China defiant on missile tests
BEIJING—China said on Thursday it was “normal” to carry out ballistic missile launches, after a US media report accused Beijing of having test-fired an intercontinental weapon last week.
US media site Washington Free Beacon, citing unidentified Pentagon officials, reported that China carried out a test of its DF-41 long-range missile on April 12.
The report linked the tests to tensions between Washington and Beijing over the South China Sea, noting that it came three days before a visit by US Secretary of Defense Ashton Carter.
The DF-41 missile has a range of 14,000 kilometers and could, according to some experts, carry up to 10 nuclear warheads.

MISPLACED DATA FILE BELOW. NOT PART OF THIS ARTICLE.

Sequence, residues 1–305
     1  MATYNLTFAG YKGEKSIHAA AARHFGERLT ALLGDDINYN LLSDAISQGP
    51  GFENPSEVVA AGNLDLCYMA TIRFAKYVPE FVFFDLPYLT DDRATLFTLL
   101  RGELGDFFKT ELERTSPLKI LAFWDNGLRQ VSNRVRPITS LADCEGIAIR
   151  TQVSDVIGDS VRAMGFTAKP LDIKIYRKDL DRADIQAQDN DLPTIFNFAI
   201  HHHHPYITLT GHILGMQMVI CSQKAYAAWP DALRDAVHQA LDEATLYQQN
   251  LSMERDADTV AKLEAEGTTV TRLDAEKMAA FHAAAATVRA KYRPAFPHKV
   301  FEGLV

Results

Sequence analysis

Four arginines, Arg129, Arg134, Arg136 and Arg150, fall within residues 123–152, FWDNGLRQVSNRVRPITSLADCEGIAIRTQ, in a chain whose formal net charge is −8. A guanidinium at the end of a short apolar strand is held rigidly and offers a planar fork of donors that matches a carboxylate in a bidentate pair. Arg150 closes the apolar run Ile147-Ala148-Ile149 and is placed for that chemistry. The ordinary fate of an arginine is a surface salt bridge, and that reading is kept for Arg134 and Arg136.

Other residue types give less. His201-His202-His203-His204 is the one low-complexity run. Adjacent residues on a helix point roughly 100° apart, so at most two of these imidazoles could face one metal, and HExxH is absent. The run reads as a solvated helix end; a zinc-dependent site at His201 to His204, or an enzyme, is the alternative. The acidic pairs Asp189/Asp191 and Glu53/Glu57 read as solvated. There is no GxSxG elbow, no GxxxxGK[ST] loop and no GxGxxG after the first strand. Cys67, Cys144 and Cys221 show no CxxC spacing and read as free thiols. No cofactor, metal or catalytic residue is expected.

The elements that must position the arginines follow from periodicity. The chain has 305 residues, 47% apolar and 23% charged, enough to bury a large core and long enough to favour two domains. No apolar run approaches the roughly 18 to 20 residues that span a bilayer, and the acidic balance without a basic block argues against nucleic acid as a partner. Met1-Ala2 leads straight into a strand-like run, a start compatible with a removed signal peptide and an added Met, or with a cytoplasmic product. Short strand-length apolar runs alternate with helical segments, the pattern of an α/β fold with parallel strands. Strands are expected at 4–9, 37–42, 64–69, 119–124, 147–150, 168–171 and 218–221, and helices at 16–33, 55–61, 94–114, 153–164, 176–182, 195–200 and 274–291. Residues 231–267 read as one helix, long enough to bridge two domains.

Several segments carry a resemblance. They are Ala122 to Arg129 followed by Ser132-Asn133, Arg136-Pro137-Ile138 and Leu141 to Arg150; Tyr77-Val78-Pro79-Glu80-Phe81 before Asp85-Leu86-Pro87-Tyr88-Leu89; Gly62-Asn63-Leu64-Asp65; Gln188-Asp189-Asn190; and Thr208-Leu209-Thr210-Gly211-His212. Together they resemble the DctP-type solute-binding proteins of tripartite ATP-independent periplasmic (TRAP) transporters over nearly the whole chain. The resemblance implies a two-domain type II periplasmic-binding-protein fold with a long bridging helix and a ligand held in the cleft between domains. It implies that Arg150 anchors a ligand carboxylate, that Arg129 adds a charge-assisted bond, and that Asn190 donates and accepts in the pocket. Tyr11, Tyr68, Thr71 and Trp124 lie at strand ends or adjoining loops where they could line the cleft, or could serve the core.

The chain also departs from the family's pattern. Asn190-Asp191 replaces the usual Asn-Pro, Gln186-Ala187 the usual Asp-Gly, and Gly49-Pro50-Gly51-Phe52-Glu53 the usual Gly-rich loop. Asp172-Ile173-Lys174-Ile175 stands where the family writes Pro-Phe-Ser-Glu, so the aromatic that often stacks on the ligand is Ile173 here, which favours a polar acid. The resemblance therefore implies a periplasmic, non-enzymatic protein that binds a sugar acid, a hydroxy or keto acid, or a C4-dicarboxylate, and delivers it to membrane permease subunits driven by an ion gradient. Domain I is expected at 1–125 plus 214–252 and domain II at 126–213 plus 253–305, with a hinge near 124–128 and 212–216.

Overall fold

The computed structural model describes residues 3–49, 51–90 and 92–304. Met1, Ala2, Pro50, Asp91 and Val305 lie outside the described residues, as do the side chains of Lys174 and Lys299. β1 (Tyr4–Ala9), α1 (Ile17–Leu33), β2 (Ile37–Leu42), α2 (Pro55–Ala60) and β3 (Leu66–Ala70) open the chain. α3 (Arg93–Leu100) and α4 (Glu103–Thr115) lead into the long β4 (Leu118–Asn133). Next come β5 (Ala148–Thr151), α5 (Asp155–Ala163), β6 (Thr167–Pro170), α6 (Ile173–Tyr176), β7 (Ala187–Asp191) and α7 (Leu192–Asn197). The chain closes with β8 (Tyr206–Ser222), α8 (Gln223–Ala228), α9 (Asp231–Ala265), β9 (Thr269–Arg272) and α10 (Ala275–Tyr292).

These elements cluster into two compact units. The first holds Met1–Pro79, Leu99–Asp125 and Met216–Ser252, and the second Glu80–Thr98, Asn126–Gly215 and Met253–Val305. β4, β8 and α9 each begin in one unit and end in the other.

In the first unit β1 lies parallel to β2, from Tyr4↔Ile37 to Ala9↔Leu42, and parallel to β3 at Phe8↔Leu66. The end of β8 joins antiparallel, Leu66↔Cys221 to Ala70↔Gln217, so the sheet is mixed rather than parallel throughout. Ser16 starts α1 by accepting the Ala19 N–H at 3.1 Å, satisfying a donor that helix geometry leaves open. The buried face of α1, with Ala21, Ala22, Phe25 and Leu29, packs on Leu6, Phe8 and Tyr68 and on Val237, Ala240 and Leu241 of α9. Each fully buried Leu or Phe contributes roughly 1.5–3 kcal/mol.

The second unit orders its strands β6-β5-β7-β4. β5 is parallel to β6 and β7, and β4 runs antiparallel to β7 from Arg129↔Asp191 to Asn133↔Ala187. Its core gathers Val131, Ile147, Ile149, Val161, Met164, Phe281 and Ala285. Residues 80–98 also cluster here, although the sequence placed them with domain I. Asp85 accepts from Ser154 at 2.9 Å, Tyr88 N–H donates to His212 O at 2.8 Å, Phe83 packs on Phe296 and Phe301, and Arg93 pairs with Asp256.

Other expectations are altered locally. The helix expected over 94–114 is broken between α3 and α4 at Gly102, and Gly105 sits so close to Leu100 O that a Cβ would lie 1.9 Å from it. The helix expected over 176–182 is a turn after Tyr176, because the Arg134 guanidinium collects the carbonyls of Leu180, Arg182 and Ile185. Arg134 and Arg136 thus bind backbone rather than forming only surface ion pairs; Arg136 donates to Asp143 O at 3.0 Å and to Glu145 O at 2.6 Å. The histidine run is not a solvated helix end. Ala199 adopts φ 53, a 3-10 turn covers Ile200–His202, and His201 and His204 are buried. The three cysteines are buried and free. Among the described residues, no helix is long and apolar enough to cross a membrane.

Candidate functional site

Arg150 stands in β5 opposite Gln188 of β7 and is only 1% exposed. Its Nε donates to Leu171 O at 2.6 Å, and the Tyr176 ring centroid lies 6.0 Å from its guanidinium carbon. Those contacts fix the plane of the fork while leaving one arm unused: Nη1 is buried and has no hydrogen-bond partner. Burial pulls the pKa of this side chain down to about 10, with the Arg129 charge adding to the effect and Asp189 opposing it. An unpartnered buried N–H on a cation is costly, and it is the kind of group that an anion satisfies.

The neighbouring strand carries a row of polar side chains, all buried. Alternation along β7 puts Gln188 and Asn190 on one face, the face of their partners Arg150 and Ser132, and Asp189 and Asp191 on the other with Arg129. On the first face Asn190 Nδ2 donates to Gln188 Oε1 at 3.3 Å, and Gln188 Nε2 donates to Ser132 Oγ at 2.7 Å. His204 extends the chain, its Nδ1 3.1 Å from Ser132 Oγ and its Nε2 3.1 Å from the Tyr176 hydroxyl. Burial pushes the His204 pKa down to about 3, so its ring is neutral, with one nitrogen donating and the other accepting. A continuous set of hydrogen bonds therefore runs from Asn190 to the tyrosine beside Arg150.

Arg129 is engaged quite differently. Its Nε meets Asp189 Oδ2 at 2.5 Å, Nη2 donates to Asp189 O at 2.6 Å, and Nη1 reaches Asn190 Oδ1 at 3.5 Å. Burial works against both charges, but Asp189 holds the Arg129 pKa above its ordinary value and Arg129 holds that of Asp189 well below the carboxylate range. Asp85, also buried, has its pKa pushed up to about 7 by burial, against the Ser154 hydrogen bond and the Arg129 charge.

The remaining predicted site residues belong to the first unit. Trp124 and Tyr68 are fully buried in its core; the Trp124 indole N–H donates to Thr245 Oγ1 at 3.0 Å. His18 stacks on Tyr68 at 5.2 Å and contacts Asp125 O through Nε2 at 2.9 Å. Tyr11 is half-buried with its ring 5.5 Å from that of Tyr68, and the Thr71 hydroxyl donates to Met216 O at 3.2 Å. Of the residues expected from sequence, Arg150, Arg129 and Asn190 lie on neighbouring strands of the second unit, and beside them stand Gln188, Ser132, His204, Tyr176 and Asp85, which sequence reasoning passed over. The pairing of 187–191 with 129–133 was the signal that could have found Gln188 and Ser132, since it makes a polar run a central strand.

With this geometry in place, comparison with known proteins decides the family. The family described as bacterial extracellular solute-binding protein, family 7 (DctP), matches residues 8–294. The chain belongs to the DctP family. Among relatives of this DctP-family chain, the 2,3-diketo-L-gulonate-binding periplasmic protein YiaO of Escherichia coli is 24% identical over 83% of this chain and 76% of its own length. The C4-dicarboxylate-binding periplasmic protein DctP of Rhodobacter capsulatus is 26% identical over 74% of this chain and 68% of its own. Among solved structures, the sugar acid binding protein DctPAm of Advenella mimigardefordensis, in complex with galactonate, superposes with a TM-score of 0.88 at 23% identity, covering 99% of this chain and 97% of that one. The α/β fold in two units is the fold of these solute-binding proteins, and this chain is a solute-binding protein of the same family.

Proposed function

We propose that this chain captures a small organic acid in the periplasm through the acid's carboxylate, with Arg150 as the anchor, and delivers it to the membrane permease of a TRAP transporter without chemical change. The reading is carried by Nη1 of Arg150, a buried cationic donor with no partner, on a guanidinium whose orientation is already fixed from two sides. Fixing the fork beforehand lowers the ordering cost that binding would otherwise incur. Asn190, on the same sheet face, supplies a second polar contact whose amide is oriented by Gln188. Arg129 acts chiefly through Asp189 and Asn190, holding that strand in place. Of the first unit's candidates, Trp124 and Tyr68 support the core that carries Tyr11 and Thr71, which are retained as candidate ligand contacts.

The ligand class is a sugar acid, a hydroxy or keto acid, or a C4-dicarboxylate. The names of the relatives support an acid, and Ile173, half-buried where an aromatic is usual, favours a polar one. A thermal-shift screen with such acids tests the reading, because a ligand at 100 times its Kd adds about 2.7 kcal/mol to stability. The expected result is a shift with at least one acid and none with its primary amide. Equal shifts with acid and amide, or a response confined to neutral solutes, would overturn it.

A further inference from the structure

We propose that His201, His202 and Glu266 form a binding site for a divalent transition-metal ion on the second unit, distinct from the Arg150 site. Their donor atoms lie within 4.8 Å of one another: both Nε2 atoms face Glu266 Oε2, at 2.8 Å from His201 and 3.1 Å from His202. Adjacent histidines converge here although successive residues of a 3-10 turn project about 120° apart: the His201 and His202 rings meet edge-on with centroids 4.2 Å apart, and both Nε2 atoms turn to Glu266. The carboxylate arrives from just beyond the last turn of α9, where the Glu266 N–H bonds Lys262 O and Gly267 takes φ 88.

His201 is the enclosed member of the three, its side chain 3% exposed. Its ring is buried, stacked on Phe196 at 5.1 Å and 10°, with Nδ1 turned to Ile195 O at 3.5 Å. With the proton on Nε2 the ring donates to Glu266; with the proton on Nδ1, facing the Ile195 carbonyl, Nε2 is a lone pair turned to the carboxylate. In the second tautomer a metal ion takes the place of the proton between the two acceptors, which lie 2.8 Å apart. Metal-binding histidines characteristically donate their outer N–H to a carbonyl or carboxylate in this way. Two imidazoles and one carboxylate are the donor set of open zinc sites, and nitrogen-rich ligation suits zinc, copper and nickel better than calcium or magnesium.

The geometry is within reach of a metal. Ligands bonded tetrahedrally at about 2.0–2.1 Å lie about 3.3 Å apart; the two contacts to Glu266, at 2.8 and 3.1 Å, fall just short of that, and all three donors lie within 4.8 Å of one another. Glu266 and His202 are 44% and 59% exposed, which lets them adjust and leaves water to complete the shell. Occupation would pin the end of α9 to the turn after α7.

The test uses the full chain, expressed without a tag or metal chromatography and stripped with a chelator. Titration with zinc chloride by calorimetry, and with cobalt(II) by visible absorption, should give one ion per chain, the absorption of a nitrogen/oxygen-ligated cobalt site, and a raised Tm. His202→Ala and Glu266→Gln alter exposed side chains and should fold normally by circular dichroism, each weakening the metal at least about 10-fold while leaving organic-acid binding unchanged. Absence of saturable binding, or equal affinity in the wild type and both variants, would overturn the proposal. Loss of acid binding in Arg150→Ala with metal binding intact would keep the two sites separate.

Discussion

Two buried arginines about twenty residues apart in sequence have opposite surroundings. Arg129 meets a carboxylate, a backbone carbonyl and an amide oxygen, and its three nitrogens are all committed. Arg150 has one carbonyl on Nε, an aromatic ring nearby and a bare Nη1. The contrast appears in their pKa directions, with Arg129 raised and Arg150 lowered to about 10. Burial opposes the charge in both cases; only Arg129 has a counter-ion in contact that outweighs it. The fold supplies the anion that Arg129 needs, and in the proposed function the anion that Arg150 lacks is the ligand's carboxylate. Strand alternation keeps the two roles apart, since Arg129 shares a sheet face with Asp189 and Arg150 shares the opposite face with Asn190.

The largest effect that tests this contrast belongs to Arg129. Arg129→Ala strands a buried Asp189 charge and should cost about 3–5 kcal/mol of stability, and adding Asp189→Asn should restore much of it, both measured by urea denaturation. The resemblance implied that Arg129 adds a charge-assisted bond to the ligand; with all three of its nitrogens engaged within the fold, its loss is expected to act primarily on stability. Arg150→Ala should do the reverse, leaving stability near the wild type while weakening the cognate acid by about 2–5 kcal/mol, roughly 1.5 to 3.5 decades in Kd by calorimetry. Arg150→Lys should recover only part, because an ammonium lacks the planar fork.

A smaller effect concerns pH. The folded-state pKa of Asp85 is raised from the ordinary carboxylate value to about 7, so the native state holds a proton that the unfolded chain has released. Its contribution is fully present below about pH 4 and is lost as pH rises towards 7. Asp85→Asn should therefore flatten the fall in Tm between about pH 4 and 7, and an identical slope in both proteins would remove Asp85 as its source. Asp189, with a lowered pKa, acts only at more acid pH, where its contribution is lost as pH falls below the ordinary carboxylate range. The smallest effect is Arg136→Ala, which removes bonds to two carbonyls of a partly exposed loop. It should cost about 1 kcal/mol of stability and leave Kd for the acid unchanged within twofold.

In a brief response, China’s defense ministry did not deny a test had been carried out, but dismissed media reports of a specific location as “pure speculation.”
“It is normal for us to carry out scientific research tests in our own territory, according to our plans, and they are not aimed at any specific nations or targets,” the ministry said in a statement on its website.
China claims nearly all of the South China Sea, which is home to some of the world’s most important shipping lanes and is believed to contain vast oil reserves.
But its neighbors Brunei, Malaysia, the Philippines, Vietnam and Taiwan have overlapping claims, and tensions have risen over China’s construction of artificial reefs in the disputed waters.
On Monday, China’s defense ministry gave its first confirmation that Beijing had landed a military flight on Kagitingan Reef (Fiery Cross Reef) in the Spratly archipelago. The reef is also claimed by the Philippines.
On the day of Carter’s trip, Beijing said that one of its top military officials had visited a South China Sea island.
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